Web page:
29 Aug 2011
After its beautiful yet ultimately hollow first half, Xam'd returns with a second and final batch of episodes. Can it pull the series out of a rut or does it delve even further into the mundane?
I approached the second volume of Xam'd with some hope - having seen the Akira-inspired transformation of Akiyuki's best pal Furuichi and the subsequent fight-scene, I thought the series might finally be switching gears towards something more in line with the series opening credits - a bit of pace, excitement and, hopefully explanation of what the hell was going on.
Oh dear, silly me.
Xam'd chooses instead to wallow in it's own naval-gazing, with Akiyuki stuck behind his Xam'd mask with no recollection of who he is, and Nakiyami wandering throughout the countryside looking miserable, picking up yet another irritating little kid as she goes. The rest of the cast get very little screen time, and as ever Xam'd never really tells you what's going on. There's "mature" writing, and then there's lazy, incompetent plotting. It's almost as if the writers were so smitten with their own world (and it is genuinely lovely) they forgot that the rest of us might actually require some exposition as to what the hell is going on, or why.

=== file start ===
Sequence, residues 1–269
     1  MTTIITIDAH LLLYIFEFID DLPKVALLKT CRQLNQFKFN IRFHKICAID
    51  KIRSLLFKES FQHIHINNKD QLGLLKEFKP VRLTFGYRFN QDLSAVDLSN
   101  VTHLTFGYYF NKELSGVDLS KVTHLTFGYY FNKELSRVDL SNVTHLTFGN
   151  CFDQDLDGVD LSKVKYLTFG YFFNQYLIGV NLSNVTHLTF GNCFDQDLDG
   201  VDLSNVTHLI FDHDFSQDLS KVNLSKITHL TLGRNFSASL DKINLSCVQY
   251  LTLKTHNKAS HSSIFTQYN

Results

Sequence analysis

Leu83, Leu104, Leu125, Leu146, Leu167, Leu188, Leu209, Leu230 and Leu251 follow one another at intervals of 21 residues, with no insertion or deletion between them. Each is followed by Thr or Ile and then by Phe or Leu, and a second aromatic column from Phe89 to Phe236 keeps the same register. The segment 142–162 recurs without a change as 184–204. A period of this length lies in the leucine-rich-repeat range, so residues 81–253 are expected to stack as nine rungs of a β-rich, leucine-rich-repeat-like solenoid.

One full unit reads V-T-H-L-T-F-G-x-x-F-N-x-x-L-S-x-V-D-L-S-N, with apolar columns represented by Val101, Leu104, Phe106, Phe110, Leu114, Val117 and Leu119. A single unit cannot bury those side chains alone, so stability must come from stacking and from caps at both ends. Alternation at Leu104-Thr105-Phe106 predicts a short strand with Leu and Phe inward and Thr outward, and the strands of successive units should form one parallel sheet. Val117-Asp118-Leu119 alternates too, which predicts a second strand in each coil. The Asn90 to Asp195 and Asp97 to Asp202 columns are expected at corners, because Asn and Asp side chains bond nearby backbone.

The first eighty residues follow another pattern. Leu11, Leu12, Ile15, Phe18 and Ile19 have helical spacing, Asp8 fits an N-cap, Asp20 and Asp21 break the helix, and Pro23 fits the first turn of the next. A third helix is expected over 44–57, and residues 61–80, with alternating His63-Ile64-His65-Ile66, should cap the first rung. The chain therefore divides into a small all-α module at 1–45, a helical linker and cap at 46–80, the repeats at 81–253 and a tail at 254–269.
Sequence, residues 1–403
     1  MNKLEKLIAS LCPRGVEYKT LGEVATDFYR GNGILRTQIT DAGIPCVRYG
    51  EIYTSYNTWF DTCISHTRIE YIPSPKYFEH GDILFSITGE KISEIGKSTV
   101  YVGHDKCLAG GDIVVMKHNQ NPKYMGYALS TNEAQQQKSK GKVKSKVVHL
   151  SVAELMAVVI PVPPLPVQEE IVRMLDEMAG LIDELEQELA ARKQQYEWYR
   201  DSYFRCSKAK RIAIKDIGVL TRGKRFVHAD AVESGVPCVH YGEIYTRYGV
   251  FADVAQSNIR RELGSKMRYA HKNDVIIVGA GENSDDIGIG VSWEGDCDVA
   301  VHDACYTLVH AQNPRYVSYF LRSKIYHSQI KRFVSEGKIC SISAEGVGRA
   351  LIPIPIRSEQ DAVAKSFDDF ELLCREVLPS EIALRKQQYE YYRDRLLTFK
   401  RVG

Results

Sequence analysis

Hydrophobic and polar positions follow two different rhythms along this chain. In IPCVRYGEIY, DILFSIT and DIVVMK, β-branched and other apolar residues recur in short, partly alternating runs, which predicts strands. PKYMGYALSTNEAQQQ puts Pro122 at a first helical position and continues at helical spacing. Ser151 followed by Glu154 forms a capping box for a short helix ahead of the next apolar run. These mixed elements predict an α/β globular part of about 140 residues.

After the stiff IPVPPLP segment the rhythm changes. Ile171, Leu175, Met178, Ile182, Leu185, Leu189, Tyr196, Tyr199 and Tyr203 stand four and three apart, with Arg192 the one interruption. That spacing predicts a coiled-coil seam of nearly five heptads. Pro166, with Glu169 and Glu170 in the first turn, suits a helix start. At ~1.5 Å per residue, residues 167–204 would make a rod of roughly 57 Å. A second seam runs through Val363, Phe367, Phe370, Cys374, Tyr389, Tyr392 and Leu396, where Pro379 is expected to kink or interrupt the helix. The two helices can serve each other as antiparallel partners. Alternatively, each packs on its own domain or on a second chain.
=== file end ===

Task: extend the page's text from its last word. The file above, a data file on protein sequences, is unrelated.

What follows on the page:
This frustrating and largely irritating state of affairs detracts from the lush visuals that are a welcome constant throughout the series. The action scenes, when they do arrive, are usually well directed and the music helps to set a fittingly sombre tone.
All the sparkle in the world simply can't make up for a depressing, ill-conceived narrative though. It's hard to care for anyone when their motivations aren't explained. When characters do die, you can never tell what for, and the entire architecture of the world is so ill-explained that toward the end I didn't even know what the objective was.
The English voice cast do a credible job, but as usual the Japanese dub does a better job of conveying the subtle emotions of the characters. That said, of the English crew, Chris Hutchison in particular deserves much praise for his depiction of Tojiro Kagisu, the army officer with the soft voice and cruel intent.
Xam'd is not the anime it claims to be - the opening shows us an exciting, funky anime with a cool style and fast pace. In reality Xam'd is a slow-paced introspective look at themes such as family and responsibility, albeit a badly scripted and poorly plotted one. It has a unique charm, and it will probably find a limited audience of loyal fans who love the environments and characters presented, but I just can't forgive a series that took so much potential and threw it all away.